Home Comics DC Comics: Bombshells #1 Review

DC Comics: Bombshells #1 Review

written by Tom_Winstone July 25, 2015

 

Cover art

The latest title in DC Comic’s digital first line is based on their Bombshell Collectible series. DC Bombshell’s is a line of statues that re-imagines classic DC heroines in a retro 1940’s style. These revisions to characters like Wonder Woman, Black Canary and Harley Quinn are imaginative and detailed designs. In August the Bombshells will feature on variant covers for all DC comics to tie in and promote this new series.

The series itself is written by Marguerite Bennett with art by Marguerite Sauvage. It’s a strong sign from DC that two female creators are working on a project like this. While I’m really impressed with the statues, they could be easily criticized for being over sexualized. Bennett and Sauvage now have the responsibility of giving these characters a voice so they can become true icons.

Batwoman

 

The story is set at the beginning of the second World War and as many men left to fight overseas, the woman of the era stepped in to keep the country running. While for us in the real world that meant factory jobs, in this version of events it also includes vigilantism. This first issue focuses on Batwoman, a baseball star by day, crime fighter by night. Bennett re-imagines Kate Kane’s origin with the trappings of a different era. We are introduced to the high concept by a sports announcer, reading copy that sounds like it’s from a War Reel. This quickly establishes the tone of the series. The dialogue by the announcer and characters establishes the era without being too old-fashioned for modern readers. Though it does feel a bit overused when a defeated gang member starts spouting it as well.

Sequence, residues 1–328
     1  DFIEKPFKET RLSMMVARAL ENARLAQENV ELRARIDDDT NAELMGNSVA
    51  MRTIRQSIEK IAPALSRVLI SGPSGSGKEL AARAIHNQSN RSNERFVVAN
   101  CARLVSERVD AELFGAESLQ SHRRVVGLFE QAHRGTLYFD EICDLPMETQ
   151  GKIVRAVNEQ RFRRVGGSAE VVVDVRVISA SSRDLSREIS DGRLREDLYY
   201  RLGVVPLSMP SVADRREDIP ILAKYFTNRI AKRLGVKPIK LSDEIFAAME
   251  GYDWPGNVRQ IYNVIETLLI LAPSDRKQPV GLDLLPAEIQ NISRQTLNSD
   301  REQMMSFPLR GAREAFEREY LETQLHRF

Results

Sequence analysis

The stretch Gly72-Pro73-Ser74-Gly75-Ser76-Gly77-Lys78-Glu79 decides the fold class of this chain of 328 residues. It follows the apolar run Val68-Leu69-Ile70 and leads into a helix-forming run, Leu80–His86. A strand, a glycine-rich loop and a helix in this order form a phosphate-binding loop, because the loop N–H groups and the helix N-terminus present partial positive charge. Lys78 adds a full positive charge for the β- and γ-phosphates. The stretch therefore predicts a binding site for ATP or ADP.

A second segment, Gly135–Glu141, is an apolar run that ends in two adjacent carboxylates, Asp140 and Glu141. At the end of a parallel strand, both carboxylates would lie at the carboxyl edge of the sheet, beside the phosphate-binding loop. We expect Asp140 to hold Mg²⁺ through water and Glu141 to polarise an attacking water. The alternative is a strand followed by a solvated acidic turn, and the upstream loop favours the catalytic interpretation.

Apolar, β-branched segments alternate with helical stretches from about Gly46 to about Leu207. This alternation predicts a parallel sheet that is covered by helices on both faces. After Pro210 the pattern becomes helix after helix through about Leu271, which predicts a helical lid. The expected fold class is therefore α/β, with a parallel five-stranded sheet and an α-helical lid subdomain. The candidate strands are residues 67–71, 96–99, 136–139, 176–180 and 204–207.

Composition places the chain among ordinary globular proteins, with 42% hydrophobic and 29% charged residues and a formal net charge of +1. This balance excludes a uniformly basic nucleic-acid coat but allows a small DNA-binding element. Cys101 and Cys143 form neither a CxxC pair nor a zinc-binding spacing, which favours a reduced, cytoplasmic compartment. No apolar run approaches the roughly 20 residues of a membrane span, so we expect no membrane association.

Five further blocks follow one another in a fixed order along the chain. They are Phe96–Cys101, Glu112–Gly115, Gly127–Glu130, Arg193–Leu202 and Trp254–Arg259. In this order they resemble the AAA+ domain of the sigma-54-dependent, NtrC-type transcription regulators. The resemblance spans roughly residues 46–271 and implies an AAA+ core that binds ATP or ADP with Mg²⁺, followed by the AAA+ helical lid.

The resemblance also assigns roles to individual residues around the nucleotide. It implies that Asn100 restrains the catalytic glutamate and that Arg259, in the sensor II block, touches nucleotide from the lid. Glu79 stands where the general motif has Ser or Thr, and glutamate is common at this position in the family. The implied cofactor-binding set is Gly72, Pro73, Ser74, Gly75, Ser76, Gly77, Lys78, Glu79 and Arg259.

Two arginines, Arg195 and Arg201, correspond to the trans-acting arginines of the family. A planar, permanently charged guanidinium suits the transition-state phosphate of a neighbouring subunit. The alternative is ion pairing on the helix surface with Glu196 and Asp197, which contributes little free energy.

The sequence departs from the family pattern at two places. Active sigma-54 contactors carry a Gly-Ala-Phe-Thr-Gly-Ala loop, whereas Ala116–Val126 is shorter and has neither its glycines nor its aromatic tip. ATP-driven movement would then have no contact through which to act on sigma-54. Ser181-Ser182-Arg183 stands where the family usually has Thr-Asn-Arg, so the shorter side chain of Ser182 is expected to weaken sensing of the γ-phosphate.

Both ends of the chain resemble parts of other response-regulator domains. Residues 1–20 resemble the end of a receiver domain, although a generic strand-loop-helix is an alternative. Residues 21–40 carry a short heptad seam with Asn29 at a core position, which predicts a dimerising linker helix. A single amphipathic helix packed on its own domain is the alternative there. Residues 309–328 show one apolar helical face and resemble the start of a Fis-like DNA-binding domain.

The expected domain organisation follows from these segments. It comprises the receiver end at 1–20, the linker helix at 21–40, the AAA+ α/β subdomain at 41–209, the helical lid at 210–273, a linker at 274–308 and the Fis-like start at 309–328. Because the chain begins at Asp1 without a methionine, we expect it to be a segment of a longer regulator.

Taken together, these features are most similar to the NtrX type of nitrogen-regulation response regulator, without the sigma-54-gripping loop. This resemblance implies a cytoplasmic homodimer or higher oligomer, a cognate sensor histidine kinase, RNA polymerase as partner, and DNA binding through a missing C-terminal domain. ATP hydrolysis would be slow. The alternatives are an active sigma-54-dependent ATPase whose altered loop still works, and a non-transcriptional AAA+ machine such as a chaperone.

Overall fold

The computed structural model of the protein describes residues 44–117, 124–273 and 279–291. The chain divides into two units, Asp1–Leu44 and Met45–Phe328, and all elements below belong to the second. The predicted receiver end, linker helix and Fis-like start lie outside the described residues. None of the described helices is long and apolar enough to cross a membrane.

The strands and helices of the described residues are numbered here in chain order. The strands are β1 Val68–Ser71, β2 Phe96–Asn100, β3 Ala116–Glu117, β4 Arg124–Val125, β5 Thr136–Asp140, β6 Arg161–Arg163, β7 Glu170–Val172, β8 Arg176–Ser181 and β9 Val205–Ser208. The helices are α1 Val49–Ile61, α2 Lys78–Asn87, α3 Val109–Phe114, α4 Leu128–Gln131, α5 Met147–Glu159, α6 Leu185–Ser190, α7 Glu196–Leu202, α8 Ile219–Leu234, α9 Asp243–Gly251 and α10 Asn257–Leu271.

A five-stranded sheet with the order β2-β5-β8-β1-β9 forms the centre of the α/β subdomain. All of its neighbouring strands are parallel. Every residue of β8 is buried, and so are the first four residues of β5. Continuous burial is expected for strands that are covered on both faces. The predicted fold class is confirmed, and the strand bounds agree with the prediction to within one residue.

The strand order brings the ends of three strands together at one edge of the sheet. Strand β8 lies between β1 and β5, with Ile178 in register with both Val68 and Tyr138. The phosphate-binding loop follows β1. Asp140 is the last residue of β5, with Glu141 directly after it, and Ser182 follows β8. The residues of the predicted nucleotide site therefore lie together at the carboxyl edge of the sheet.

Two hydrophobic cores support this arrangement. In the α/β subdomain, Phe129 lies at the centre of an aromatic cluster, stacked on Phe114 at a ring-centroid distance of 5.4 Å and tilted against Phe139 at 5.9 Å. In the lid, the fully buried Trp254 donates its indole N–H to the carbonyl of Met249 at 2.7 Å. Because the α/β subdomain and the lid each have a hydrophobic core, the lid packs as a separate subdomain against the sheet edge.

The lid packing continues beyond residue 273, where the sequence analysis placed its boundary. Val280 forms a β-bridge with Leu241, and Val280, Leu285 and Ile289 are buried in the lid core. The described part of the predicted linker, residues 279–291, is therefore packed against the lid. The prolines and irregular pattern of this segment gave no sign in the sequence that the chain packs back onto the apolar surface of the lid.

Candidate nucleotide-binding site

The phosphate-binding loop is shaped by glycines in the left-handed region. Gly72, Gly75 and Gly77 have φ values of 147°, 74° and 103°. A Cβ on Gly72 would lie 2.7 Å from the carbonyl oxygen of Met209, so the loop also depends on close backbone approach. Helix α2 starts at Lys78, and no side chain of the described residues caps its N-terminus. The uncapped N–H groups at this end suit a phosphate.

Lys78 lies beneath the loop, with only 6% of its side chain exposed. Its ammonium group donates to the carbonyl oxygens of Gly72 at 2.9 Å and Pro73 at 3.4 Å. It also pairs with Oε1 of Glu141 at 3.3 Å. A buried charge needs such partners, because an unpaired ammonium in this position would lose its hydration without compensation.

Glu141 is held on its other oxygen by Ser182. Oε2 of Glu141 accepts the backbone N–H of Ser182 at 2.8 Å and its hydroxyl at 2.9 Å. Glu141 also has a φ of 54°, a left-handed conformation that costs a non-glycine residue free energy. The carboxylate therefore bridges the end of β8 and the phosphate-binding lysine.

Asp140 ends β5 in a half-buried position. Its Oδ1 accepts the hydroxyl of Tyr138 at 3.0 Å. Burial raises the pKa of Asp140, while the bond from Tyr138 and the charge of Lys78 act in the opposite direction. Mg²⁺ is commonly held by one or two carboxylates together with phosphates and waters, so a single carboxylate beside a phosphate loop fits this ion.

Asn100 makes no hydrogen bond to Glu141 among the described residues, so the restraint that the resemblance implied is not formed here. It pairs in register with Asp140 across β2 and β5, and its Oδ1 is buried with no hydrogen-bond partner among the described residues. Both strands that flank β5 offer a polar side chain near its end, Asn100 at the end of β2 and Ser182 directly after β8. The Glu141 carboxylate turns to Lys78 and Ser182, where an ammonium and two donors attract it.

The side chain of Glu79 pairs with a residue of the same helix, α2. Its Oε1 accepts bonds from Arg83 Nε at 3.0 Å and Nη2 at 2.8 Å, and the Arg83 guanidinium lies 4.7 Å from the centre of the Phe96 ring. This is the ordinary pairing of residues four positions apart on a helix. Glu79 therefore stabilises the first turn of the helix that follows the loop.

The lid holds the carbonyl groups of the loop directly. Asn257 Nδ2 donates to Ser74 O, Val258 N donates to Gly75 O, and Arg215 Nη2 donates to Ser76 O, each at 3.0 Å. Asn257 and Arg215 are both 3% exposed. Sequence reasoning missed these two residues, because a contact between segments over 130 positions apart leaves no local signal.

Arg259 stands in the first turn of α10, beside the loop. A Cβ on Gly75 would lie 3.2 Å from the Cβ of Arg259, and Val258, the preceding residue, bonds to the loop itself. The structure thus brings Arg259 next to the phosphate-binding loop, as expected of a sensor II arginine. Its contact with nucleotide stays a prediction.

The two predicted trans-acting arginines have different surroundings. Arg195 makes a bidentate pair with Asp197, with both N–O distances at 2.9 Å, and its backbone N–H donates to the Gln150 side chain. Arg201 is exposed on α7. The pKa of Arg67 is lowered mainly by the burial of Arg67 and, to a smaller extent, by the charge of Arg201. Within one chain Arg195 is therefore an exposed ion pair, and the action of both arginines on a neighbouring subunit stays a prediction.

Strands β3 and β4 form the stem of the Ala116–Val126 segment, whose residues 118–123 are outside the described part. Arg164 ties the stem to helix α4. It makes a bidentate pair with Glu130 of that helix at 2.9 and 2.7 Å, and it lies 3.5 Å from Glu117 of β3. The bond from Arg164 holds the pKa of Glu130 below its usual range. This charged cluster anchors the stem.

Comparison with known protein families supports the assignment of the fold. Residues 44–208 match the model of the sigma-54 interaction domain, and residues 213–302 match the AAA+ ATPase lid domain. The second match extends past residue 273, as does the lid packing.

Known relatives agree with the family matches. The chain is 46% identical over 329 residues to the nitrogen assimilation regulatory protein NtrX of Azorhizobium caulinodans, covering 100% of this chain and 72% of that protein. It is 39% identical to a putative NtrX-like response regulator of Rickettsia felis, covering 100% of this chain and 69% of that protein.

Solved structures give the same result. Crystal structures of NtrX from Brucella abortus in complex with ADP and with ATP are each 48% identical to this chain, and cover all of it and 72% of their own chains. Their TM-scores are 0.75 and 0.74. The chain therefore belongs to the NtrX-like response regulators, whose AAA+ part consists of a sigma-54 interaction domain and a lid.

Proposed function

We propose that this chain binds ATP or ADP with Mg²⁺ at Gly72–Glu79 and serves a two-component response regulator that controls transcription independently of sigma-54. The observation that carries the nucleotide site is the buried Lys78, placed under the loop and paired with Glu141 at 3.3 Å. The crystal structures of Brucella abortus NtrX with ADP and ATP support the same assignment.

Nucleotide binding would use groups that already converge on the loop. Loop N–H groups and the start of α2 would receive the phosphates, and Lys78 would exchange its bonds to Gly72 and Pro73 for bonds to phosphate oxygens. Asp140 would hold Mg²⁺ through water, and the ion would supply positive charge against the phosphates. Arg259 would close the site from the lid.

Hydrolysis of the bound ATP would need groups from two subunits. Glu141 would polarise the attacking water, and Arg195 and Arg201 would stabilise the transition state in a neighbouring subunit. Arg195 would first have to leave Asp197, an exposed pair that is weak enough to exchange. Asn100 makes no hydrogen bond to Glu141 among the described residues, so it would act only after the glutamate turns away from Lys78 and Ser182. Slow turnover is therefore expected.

Sauvage’s art style compliments the story. It’s simple and almost Disney-esque. The art is able to convey a sense of motion during the fight scenes, and expresses the character’s thoughts without the aid of dialogue. Maggie’s jealousy and Kate’s romantic history are established in a wordless panel. The art goes a long way to establish that these sexualized statues can be interesting characters, even though Kate and Maggie do spend the final scene in their underwear it does have context in the story and does not feel exploitative.

Kate and Maggie

At $0.99 the story delivers value for money and easily establishes the setting of this universe as well as Kate Kane and her motivations. The cliff hanger introduces a major DC character (no, not Batman) and has the potential to bring even more exciting elements with them into the second chapter.

Score: 4.0/5.0

Part One of “Enlisted” can be purchased now from Comixology, alternatively the complete story will be released in print sometime in August.

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